Wouldn’t it be great if all we needed was love?
The trouble is, it really isn’t enough is it? It will help you through the rough patches for sure but at the end of the day, there are a lot of times when love falls a bit short of the mark. People still get sick. People still die. People still hurt. And perhaps the worst of all - People still need money.
I am a mom. I have a beautiful little girl. I have a wonderful husband. Our household is filled with love and laughter. This is not enough. I have postnatal depression and our love, as strong as it is, cannot squash it.
Thanks to external circumstances, both of our paychecks are considerably smaller than they were just a couple years ago. Our life has become a delicate balance of having her in childcare long enough to make money but not so long that it costs us more to keep her there than we actually earn. Even with this balance, things are tight. At night, we retreat into our own tense silences, crunching and re-crunching numbers in our heads, searching for better solutions, or simply trying to shut out the worry and relax our exhausted minds.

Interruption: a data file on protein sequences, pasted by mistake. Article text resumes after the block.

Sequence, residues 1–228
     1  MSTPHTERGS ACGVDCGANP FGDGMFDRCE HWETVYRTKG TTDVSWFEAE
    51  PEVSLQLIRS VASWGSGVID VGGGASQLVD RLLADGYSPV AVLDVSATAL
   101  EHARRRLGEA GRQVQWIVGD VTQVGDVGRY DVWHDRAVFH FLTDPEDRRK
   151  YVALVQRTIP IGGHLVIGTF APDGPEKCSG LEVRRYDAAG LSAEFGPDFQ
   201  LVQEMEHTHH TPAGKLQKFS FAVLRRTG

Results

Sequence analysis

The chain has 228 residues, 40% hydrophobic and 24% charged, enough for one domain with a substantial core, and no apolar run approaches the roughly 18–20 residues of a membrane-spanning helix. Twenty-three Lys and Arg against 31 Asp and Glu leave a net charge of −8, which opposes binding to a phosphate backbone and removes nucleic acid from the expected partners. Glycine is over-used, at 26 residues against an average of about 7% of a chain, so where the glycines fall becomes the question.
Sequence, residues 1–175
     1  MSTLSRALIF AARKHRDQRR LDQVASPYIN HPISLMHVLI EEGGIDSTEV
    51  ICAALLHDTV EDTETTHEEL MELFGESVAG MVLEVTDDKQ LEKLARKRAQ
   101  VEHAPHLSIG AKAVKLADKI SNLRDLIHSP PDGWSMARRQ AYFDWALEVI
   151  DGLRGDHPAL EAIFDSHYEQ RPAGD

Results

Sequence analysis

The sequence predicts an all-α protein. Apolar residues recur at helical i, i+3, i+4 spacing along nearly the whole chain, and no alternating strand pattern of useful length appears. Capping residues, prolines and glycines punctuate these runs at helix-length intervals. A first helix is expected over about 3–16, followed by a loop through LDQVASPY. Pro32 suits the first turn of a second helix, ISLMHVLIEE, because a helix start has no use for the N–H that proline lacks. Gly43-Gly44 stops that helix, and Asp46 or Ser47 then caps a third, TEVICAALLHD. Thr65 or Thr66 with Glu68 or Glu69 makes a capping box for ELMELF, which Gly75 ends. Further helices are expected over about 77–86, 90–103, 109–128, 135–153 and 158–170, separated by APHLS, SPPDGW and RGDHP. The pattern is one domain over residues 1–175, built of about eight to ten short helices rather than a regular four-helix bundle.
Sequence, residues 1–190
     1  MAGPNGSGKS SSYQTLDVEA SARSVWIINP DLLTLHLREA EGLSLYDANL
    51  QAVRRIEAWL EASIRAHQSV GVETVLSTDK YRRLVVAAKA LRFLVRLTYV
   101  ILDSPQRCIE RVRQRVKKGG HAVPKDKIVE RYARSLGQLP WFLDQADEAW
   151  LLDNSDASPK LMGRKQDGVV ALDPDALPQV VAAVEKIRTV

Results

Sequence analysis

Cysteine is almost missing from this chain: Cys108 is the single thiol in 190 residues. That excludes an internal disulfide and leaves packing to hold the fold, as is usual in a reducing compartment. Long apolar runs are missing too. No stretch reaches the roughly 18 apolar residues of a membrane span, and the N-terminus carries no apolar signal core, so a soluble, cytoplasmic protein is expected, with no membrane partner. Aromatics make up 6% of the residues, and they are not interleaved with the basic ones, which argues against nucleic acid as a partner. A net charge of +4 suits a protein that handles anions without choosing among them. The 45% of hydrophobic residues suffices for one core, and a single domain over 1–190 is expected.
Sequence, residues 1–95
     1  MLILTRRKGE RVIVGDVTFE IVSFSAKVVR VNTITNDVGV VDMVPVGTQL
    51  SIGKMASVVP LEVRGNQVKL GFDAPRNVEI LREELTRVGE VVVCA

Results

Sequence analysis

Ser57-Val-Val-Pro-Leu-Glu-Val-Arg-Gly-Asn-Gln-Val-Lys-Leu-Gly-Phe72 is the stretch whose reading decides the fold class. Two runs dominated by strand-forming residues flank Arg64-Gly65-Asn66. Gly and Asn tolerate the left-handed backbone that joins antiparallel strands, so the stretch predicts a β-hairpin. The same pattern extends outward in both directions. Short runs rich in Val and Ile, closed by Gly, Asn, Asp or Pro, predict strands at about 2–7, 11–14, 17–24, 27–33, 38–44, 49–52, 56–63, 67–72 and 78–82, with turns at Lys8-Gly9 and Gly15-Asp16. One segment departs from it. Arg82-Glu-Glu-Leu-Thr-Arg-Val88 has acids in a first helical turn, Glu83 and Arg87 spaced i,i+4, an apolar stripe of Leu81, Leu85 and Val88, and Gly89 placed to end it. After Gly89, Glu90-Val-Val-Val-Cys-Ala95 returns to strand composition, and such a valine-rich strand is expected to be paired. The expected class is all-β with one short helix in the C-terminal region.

It could get worse before it gets better and this scares the living crap out of me. I don’t have time to be depressed. I have a job to do. I have a child to look after. I have bills to pay. I have a husband to spend time with. I have friends I hardly ever see. I have family to stay in touch with. Hell, I’m finding it hard enough to just find time to write and I can do that at night once my little lady is in bed.
What damage has this illness already done? At what cost will therapy come? How much more of her young life will I miss? How much longer will I have to watch her through this horrid haze? How distant will my husband and I be from each other when I finally reach the light at the end of the tunnel? How many of my friends will want to spend time with me after I’ve hashed out the ugliness in my head? The therapy to which I’ve been referred is courtesy of the NHS so at least that is one less worry but the cost is so much bigger than money. The effects of this illness seem monumental and the road to recovery seems to be wrought with difficulty as well.
I feel much better, though a completely numb and extremely fragile, after receiving some ‘doctor ordered’ time off. It hasn’t stopped the worry or the questions about how I fix this or how to shoehorn recovery into our already precariously balanced mix of daily life. I wish I could concentrate on nothing but getting better but I suppose learning how to deal is all part and parcel to the process.
We don’t live in a bubble now, do we?